COMMENTARY | In 2003, the Seattle Mariners made only 65 errors, the fewest number of errors any team has ever made in a full season. That's pretty impressive.
Going into the games of August 7, this year's Baltimore Orioles have made only 34 errors in 112 games. If they continue at that same rate the rest of the way, the team will make just 49 errors for the season. That's unbelievable.
Rarely do we see records get broken so convincingly. The Orioles are currently on pace to make nearly 25% fewer errors than the cleanest fielding team in baseball history. It may not be precisely like a batter breaking Joe DiMaggio's 56-game hitting streak by hitting safely in 70 straight games, but it's kind of similar.
There are those out there who will argue that the Orioles aren't even the best fielding team in baseball this year. Whatever. You can blindly follow all of the advanced metrics that you probably don't even understand, or you can take a moment to enjoy watching a team with five Gold Glovers in the primes of their careers, plus a 21-year-old third baseman who may be the best fielder of the bunch.
For years, Baltimore had the corner on defensive greatness. With players like Brooks Robinson, Luis Aparicio, Mark Belanger, Bobby Grich, Paul Blair and many others, the O's were to fielding what today's Los Angeles Angels of Anaheim are to underachieving. But this year's Orioles team probably tops them all.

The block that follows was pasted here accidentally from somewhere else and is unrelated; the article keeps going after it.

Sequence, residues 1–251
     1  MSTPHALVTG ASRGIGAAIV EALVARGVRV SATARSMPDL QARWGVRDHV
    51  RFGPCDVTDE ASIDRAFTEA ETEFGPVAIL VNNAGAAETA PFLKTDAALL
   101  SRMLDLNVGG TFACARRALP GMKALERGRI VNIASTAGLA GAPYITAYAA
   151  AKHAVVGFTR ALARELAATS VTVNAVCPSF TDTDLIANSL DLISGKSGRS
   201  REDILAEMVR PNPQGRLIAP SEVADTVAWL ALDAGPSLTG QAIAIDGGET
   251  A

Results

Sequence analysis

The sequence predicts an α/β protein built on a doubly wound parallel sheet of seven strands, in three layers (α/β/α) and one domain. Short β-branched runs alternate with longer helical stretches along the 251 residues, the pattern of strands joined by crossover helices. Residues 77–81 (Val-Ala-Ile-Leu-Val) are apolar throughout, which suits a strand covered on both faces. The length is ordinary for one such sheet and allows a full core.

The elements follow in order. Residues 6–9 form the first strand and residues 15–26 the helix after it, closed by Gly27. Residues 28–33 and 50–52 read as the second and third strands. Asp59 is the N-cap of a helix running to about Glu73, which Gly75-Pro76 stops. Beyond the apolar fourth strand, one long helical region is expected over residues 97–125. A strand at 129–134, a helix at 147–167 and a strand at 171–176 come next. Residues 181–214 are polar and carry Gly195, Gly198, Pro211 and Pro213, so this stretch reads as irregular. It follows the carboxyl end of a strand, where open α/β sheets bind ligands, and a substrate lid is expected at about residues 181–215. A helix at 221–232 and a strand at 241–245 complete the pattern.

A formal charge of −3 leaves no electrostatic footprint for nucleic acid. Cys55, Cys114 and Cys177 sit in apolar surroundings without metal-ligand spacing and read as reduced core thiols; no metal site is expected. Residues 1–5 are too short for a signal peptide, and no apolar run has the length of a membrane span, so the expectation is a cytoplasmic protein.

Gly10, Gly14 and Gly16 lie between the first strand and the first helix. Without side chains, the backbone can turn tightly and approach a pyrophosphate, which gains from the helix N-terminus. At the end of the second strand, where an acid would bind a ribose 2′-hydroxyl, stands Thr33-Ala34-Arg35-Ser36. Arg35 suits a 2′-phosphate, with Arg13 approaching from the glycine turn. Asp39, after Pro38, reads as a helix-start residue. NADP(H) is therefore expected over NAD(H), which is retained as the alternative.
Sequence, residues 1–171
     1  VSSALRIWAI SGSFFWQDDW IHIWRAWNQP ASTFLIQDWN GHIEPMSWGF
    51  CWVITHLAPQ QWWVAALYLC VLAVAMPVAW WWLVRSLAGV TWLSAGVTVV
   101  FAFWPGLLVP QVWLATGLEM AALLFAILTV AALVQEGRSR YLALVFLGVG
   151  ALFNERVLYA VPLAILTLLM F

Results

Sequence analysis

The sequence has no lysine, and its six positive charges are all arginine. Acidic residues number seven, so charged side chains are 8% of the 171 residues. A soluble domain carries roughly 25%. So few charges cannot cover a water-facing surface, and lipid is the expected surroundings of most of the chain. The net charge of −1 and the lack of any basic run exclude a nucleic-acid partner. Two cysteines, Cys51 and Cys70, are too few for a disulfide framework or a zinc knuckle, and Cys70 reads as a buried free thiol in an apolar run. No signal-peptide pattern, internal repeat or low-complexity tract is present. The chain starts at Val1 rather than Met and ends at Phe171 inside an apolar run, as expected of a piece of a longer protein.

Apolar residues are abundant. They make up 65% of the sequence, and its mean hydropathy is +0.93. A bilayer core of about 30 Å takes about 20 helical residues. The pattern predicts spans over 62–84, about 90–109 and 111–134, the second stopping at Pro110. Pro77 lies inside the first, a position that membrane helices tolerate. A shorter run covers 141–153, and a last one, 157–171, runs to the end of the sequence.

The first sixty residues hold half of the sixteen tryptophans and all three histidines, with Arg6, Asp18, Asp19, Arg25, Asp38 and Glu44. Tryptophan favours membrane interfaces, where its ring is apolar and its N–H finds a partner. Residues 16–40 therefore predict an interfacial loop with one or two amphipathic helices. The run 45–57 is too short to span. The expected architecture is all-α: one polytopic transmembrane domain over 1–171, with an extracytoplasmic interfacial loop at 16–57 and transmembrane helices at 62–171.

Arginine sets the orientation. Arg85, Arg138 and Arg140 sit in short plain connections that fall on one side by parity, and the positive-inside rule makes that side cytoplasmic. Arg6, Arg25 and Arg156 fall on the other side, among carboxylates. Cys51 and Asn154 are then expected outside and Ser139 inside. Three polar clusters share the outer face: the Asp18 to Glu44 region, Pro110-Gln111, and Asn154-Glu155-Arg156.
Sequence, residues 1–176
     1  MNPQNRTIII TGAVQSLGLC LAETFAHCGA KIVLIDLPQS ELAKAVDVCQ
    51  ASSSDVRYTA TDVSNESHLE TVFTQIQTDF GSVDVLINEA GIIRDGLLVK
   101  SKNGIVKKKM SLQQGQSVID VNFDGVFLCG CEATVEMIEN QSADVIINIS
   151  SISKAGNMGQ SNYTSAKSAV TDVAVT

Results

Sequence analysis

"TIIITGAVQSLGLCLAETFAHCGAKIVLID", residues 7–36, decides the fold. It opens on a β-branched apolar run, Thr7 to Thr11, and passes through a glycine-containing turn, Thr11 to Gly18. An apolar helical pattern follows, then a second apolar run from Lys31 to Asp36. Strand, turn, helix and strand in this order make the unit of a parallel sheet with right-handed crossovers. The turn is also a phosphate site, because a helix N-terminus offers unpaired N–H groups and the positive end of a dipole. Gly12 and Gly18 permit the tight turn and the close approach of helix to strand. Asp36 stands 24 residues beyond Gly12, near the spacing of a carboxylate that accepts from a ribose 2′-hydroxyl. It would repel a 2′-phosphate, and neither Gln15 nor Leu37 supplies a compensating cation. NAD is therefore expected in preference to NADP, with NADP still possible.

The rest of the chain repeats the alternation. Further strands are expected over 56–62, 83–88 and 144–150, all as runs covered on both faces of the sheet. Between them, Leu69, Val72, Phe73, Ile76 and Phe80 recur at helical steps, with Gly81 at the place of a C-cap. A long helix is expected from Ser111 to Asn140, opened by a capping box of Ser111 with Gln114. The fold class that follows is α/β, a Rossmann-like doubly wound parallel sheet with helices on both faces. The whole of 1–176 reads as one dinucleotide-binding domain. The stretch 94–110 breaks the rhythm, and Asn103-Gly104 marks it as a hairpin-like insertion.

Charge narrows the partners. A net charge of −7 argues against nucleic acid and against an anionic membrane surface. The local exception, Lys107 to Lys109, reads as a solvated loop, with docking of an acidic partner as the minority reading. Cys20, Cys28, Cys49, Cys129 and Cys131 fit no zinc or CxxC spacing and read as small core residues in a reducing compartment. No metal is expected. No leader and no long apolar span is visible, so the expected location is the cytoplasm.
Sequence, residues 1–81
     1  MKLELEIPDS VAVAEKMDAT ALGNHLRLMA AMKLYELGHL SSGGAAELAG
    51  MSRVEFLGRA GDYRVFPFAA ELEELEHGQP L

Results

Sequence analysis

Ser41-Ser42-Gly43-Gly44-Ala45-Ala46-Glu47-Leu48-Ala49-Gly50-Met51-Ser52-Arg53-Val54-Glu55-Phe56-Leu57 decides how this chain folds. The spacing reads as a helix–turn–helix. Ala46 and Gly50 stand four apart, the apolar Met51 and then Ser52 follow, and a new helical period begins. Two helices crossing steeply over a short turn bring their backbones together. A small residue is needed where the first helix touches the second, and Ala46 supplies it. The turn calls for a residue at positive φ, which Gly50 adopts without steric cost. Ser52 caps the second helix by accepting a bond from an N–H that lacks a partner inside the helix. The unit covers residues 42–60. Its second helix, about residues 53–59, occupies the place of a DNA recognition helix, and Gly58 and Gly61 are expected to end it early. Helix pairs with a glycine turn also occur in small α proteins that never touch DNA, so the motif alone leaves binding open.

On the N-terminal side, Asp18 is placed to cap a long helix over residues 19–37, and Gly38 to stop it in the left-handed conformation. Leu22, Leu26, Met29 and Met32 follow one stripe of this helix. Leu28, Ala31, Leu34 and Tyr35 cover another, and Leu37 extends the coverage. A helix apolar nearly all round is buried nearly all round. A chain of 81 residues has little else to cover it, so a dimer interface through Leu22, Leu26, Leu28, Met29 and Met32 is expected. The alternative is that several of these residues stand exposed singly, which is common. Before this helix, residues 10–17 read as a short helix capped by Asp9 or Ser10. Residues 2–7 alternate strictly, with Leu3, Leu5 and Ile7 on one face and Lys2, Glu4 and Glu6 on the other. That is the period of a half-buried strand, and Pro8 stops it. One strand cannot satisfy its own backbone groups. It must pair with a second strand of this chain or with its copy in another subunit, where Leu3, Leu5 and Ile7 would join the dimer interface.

To put the Orioles' current pace of making fewer than 50 errors for the season in context, more than 500 times in baseball history a player has himself made more than 50 errors in one season. Yes, most of them were more than a century ago, when fields were worse, gloves were worse, and lighting was at times insufficient, but it's not like errors don't come in high numbers today as well.
Mark Reynolds, an infielder for the Orioles as recently as last season, made 31 errors all by himself while playing for the O's in 2011. (He made 35 miscues for the Arizona Diamondbacks in 2008.) Compare that with current Orioles shortstop J.J. Hardy, who has made just 39 errors over 511 games since 2009.
Hardy owns the fourth-highest fielding percentage for a shortstop in the history of baseball, and he epitomizes the Orioles' consistent defense. And while players like Hardy, Nick Markakis and Nate McLouth may not make a lot of highlight shows, baseball managers certainly recognize the skills they possess. That's why they vote for them for Gold Glove awards.
The bad news for Orioles fans? It turns out that great fielding doesn't necessarily equate into playing in the postseason. The 2003 Mariners failed to make the playoffs, as have several other top-fielding teams.
Plus, the Orioles' pitching staff surrenders more home runs than any other staff in baseball, which is a curious oddity for the team with the game's best defense -- ever! The pitchers specialize in giving up the one type of hit their defense can do nothing about.
We'll see whether this talented defense can lead the Orioles back into the postseason this year, but even if it doesn't, it sure has been incredible to watch.
Joe Cooney has been a professional baseball writer for nearly 20 years, covering the Orioles, Rockies, Cubs and more. He grew up and still lives near Baltimore, Md.
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